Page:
At issue was how the two fleets would endure the fight from each engagement.9 How the fleets organized for the fight at sea was not specifically addressed in the interwar games. Players assumed Mahanian concentration of the fleet as the way to defeat the enemy at sea. Officers left Newport with a common understanding of how the U.S. Navy was to operate. From Newport, Navy leaders embedded an approach to solving the Japanese problem and infused Mahan’s theory into their “ethos” of war at sea.10 Arguably, this created a generation of naval officers who could act on commander’s intent, best exemplified perhaps by Admiral Chester Nimitz and Admiral William Halsey in the Pacific.11
Contemporary Wargaming C2
Fast forward to 2014, and the challenges of command at sea have yielded new interest from Navy leadership. Recent wargaming efforts have provided a laboratory for the Navy, the other services, and U.S. partners to explore and understand C2, specifically in a communications-degraded/denied environment (CD2E). To increase the Navy’s understanding of operating in these conditions, the War Gaming Department has conducted the Global War Game series, the U.S.-U.K. Concept of Operations War Game Series, and incorporated the emerging tenets of the Navy’s information dominance warfare into its games.
The Air-Sea Battle concept, designed to “reduce risk and maintain U.S. freedom of action” in a world of increasing challenges to operational access in multiple domains, was developed and released in 2011.12 As a new concept, it has driven many gaming efforts. In 2012, using the framework of cross-domain operations, the Global game asked players to consider how to gain and maintain operational access in the domains of space, air, surface, subsurface, and cyber in order to achieve effects with a Joint Task Force. Global 2012 identified that the “current service or functional Command and Control structures may be ineffective [in supporting] joint cross-domain operations in high-intensity A2/AD environments.”13 As a result, the 2013 Global War Game concentrated on Air-Sea Battle C2 in a communications-degraded/denied environment.14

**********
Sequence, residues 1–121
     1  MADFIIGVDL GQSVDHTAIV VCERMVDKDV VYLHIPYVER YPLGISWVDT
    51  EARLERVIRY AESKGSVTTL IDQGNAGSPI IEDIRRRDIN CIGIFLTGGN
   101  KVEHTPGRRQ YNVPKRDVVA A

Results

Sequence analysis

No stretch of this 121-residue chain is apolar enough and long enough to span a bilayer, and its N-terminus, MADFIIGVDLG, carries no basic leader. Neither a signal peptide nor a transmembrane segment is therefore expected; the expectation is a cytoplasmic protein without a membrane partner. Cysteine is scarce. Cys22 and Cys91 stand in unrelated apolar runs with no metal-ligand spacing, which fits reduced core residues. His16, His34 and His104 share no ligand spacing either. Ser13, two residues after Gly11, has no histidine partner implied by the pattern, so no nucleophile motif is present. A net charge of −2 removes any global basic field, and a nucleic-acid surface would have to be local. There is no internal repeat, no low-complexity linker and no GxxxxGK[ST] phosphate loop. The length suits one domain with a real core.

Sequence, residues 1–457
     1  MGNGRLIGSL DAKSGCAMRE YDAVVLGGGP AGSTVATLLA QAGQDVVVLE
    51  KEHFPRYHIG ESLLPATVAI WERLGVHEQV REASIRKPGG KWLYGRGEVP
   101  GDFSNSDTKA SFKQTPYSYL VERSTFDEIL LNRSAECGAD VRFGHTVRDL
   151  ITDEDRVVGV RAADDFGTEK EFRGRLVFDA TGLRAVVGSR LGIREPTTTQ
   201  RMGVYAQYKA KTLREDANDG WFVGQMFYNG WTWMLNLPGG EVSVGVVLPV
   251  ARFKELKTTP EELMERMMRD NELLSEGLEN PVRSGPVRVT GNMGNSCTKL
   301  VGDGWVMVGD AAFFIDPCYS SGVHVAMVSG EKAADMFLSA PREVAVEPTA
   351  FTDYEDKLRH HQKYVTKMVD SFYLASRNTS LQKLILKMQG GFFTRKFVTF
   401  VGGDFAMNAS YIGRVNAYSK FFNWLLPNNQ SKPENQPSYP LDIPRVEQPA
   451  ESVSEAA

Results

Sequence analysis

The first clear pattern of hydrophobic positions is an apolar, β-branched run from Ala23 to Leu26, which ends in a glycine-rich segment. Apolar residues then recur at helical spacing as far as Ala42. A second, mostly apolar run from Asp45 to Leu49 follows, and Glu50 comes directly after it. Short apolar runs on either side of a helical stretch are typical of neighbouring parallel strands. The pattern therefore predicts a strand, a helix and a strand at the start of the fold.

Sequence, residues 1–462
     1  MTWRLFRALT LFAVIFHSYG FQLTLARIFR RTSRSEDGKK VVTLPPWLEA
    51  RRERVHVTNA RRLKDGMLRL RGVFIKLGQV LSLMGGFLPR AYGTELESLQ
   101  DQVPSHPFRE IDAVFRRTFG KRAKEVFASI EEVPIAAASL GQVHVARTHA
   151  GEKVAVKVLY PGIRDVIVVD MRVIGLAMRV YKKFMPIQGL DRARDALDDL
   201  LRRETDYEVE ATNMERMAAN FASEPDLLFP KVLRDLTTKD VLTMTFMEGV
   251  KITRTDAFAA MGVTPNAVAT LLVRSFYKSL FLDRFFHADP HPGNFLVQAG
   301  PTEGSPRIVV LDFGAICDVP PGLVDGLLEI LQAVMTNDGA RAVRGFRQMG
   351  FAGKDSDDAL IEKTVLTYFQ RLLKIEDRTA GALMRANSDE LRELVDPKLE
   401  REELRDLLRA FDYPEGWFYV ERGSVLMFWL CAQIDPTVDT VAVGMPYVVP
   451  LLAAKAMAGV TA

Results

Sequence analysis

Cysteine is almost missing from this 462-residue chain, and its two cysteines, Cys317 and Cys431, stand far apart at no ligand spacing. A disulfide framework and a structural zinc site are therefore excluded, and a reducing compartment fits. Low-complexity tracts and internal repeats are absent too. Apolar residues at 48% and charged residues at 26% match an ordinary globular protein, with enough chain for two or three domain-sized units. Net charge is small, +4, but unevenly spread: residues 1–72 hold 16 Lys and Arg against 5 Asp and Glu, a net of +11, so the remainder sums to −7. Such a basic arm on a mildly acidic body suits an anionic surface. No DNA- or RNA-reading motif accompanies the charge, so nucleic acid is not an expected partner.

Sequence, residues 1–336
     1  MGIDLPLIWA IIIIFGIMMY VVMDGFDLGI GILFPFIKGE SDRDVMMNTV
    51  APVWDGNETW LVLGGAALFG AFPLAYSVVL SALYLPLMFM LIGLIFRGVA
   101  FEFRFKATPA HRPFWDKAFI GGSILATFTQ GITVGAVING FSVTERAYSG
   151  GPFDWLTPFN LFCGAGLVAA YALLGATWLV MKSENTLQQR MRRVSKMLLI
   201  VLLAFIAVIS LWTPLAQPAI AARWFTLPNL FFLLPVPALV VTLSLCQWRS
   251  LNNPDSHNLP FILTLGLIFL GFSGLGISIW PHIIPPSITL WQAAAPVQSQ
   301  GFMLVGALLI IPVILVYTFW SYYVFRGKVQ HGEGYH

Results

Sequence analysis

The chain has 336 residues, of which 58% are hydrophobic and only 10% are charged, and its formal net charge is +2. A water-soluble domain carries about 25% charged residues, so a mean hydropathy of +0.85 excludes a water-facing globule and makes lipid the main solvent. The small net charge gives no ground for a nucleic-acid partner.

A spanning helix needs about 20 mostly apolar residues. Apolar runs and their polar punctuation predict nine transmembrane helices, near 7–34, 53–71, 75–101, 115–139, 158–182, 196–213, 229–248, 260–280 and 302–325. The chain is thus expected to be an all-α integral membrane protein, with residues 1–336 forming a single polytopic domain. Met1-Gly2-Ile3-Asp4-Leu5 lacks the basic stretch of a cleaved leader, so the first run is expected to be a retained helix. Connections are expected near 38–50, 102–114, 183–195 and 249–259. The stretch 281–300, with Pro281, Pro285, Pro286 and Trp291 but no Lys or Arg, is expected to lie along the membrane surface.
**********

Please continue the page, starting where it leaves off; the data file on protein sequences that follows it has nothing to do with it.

Also in 2013, the U.K.-U.S. Concept of Operations War Game asked American and British players to work through C2 of a coalition force in an A2/AD environment. Again, the players had to think through their moves in terms of using cross-domain operations. Built into the games were predetermined assumptions about order of battle and communications capabilities so that they players could focus on decision-making instead of evaluating any specific program or capability. Thus, recent gaming has provided players with insights into the range of decisions that they could expect to make in an A2/AD environment while executing Air-Sea Battle operations.
Unlike the interwar years, where the games explored American maritime capabilities against specific Japanese capabilities, the games of the 21st century are focused on how best to organize the force for joint operations and conduct cross-domain operations. As in the 1930s, present-day technologies and capabilities seek to improve how our forces assure C2, assure battlespace awareness, and integrate fires. Today’s Navy war games are not tests or validation exercises for those new technologies and capabilities. However, they are effective at creating understanding for the “complexities associated with Air-Sea Battle.”15
More importantly, because today’s players are primarily military officers at the mid-grade to field-grade level, Newport’s C2-focused war games have become a creative venue for maritime leaders to share command insights and mutual understanding of how they will make decisions in war. Insights captured during post-game analysis continue to reinforce lessons and themes necessary for commanding and controlling cross-domain operations.
Leadership is Paramount
Then as now, Newport’s war games serve an important role in developing Navy leaders. Regardless of the game, players learn how to be more effective war fighters by making decisions in the game environment. The interwar games created a group of naval officers who could receive Nimitz’s orders (his intent) and then carry out those orders under their own “initiative,” with little to no further guidance.16 Recent C2-oriented games have reinforced the significance of sound commander’s intent. Players repeatedly have noted that regardless of the C2 structure and process, quality commander’s intent and guidance are necessary to operate successfully in a communications-degraded/denied fight. As future games look to inform the development of concept of operations for Air-Sea Battle and Cross Domain Operations, the War Game Department will continue to serve a vital role in molding the naval leaders for the fight to come. Player decisions made in McCarty-Little Hall today will remain a central source of experience necessary to win any future war where the commons are contested.